It was absolutely lovely to bond over international experiences with my grandparents. We reminisced about our travels in a new and exciting way. Even though we weren’t able to actually read most of the texts, it was the beginning of something special.
Before I moved to Egypt, I met up with my husband in Istanbul. I bought a FIFA basketball World Championship book from the tournament we attended. When I arrived at my new school in Cairo, I talked to a few friends about my love for books from all the places I traveled. They too got caught in the enthusiasm.
On our first holiday break in October, colleagues brought me back book souvenirs in Thai, Arabic, French, and German. My new favorite was my book about seals in Arabic from Abu Dhabi.
Books were My Calm in the Storm
The months slipped away, and all too quickly for a scared rookie mama, my daughter was born in January, 2011. The Egyptian Revolution occurred January 21st when she was just 3 weeks old. So the first books that we read to her had the background noise of gunfire. The tanks drove by and molotov cocktails were exploding, meanwhile, I tried to drown out the noise with books.
I read the books in English from my library first. Then I would pour over the characters from all over the world. I would use imaginary tales of what they were saying in all the amazing languages. This strategy did wonders for tuning out some of the overwhelming chaos outside my apartment window.
Books as Therapy
I was eventually evacuated with my daughter from Cairo in February. I returned to San Diego while I waited for my husband to finish his deployment. This was again a divine appointment. I met up with the ever-inspiring and book-revolutionary friend over at Book Oblivion.
She challenged my whole mindset towards my reading goals. She further inspired me to keep going on my journey to help my daughter fall in love with language through a good book. In turn, it helped in my process to get over the trauma I had experienced in Cairo.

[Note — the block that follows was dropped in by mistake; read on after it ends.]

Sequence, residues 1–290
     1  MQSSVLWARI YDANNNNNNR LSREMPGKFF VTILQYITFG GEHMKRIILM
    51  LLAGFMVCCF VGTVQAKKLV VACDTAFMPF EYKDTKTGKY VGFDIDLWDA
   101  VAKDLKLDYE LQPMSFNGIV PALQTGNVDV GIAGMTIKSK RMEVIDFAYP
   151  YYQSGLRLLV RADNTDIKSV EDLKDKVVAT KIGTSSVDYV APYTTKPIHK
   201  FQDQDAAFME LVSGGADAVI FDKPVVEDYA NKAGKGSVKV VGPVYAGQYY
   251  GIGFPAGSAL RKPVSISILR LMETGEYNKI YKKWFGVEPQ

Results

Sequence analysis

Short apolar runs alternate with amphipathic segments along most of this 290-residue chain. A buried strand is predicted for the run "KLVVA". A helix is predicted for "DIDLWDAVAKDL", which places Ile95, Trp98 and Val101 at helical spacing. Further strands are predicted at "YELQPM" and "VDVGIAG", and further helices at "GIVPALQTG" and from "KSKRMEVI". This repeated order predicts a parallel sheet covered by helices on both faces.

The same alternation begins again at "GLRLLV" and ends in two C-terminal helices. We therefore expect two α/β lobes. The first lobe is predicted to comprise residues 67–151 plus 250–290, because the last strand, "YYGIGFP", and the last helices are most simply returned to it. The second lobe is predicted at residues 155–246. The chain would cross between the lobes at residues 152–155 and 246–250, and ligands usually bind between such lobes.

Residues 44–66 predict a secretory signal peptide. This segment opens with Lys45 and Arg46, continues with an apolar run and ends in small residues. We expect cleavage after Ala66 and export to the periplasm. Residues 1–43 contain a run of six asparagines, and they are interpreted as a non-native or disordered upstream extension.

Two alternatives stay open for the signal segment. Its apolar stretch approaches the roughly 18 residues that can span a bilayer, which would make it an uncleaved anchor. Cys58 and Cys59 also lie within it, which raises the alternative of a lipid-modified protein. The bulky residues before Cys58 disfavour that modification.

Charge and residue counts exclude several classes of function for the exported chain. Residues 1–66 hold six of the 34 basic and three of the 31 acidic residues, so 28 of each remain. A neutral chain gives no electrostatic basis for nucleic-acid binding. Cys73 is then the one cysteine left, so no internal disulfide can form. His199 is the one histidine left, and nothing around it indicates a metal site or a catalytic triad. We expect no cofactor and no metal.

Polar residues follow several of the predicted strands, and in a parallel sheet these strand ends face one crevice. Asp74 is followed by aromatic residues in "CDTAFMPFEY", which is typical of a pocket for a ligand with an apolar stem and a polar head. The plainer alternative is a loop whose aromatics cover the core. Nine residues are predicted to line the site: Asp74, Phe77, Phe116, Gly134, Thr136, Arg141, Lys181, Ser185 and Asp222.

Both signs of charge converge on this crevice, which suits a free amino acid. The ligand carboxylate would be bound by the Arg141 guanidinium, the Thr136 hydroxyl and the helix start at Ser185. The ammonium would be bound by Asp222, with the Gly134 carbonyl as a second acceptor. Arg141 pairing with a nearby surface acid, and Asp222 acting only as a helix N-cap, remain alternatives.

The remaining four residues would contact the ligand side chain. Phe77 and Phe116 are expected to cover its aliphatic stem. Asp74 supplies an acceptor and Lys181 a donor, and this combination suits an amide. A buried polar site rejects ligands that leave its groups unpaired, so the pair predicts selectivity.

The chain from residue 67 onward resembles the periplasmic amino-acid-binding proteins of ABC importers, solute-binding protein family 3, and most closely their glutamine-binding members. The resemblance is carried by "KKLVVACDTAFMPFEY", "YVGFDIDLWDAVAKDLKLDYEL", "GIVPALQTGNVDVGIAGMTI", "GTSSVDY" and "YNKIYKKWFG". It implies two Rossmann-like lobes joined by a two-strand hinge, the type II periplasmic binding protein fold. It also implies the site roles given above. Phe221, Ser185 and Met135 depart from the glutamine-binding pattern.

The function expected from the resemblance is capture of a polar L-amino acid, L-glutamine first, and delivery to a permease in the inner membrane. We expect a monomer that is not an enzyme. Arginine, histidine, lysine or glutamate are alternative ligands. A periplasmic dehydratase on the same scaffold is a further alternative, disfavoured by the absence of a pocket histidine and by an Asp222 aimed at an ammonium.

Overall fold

Fast forward the next four years of living in Ukraine, Latvia, and Mauritania with many gypsy adventures in between. It is a non-negotiable stop to find new books as I walk through an old town, or into cobblestone mom and pop shops. In my conversations with other travelers, I try to inspire them to do the same.
I have so many more wonderful books in my daughter’s collection thanks to friends and family who always find joy in getting her a book from their travels.
I am brought to tears when I open up a book from someone who finds this unique souvenir important enough to spend a few minutes shopping for my own little global citizen.
We laugh and butcher how to pronounce the beloved Russian character “Cheburashka”. The Polish adventures of “TinTin”, the little Spanish bird in “Eres mi Mama” sound… well interesting. Our go-to animal voice exaggeration character is always the wolf in the German Little Red Riding Hood “Rotkappchen”. Thanks to living overseas as well as many awesome free online language learning resources, our language skills to read more of our book souvenirs is improving daily!
I am homesick more often than I care to admit. However, I feel infinitely better knowing I can treasure watching my daughter travel to all of these wonderful memories through her books.